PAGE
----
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Linux Slackware 3.0.0 version 1.2.13
Before beginning the installation, you need to create a boot disk and a root disk on 3 1/2" floppies. Choose the appropriate disk set for your installation type and hardware. Depending on where you downloaded your disk sets from, you may need to gzip these files before rawritting them. If the boot or root disks have a .gz extension, chances are you need to gzip them. Some later revisions, including the one we tested, only needed to be rawritten, even though they had the .gz extension.
After you load the boot disk, then the root disk, log in as root when instructed to do so. Depending on how much memory is in your system, you may need to create a swap file. It is suggested to create a swap file if you have less then 8 megs of RAM, however, we found that even 8 megs ran slow without the swap file. We created two 20 meg swap partitions.
Once logged in, type fdisk. Next you will create your swap partition or partitions. Press n to add a new partition. We chose to created two more primary partitions, so next we typed 2 or sda2. Then you need to change the partitions system id or t, and selected 2(partition to change), then 82(Linux swap). This process should be done for as many Swap partitions you want to make. Last, you will want to make a Linux native partition to place the operating system and it's files into. Follow the previous steps for creating a partition, except this time you will select 83 for the partition type. After you are done, hit w to write the partition table out to disk. If the last step is skipped, your changes will be lost.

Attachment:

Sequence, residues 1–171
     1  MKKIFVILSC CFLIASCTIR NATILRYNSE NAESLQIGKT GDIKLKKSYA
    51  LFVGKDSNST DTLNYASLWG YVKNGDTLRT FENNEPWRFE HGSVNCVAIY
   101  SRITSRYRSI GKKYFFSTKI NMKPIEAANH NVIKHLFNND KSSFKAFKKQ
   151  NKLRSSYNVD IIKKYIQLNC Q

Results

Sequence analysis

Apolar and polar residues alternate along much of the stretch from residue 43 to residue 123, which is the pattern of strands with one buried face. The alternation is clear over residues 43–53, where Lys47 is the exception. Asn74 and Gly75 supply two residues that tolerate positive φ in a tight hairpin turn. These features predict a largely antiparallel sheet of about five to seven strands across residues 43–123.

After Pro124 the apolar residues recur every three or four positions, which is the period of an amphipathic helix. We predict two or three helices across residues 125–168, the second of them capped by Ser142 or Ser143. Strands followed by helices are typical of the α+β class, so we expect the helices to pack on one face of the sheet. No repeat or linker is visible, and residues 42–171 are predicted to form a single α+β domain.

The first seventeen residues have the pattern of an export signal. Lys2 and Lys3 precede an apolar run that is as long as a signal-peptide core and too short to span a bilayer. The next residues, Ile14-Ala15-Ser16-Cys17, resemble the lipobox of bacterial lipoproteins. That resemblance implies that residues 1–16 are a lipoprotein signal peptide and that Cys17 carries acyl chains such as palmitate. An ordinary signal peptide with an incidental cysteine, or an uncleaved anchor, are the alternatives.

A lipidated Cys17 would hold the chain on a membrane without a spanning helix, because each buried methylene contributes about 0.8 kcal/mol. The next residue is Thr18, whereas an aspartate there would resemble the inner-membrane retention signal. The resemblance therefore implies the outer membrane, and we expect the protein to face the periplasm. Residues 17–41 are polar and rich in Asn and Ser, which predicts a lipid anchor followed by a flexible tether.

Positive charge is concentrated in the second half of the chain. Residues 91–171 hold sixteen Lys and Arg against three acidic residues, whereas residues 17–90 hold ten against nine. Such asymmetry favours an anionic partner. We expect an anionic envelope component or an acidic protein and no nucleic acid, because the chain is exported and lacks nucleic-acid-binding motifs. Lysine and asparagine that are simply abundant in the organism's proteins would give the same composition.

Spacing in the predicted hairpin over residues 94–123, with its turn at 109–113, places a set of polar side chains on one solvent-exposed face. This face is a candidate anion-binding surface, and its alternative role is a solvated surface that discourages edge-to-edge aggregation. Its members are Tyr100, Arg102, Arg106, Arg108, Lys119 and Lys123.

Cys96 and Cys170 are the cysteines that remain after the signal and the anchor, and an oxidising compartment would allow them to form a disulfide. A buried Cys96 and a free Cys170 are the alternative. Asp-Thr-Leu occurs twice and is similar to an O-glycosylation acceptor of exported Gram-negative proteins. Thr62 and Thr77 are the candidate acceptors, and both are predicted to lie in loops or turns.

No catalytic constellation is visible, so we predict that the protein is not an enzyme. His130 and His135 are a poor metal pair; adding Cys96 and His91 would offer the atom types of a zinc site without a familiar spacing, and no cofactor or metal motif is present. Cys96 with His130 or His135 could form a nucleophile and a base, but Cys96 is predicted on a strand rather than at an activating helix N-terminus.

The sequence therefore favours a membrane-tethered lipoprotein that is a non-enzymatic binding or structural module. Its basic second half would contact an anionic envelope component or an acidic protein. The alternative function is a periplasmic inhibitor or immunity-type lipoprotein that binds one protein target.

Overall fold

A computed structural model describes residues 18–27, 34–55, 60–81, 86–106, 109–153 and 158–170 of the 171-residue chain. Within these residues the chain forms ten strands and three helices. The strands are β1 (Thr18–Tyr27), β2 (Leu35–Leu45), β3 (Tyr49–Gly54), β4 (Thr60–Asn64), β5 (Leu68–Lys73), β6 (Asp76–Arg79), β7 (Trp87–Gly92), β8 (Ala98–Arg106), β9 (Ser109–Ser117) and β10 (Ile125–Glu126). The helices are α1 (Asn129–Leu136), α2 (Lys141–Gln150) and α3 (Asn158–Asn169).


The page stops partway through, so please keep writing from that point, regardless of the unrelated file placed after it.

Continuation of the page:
Next, run the setup utility by typing SETUP. Here you will choose which disk sets you want to install and their file locations. When you start to install, it will ask you what type of file system you want. If you are not using the UMBDOS disk setup, which runs over DOS, we recommend the EXT2FS file system. Select the disk sets to install, then highlight Install and hit <enter>.
After this part of the installation is complete, you will be given the opportunity to create a boot disk. This is highly recommended, especially on SCSI drives, where the cylinders tend to be different than the standard 1024. This can cause problems in Linux when multi-booting operating systems. The boot disk can also be used if something goes wrong with the operating system and it needs to be repaired.
The next section involves configuration of your modem. You will be asked the following question:
Answer Y to this question. Next you will be asked what port the modem is on. Unix/Linux works as follows with respect to standard DOS/Windows Com Ports:
Next you will install your mouse driver and select the default font. Make sure to pick a font that is easy to read. We found that some of the more graphical fonts, although appealing at first, were harder to read over the long run.
Next you will be asked to set your modem speed. Set your port rate to 38400 for our 28.8k or faster modems, and 19200 for our 14.4k modems. The port rate can also be adjusted later, by typing SETSERIAL at the command prompt.
Last, you will create LILO, make config, make dep, and make clean. Make sure to follow the instructions for your particular version. Symbolic links usually need to be entered manually, so this part of the installation process can find certain files you need.
You are ready to start running software under Linux!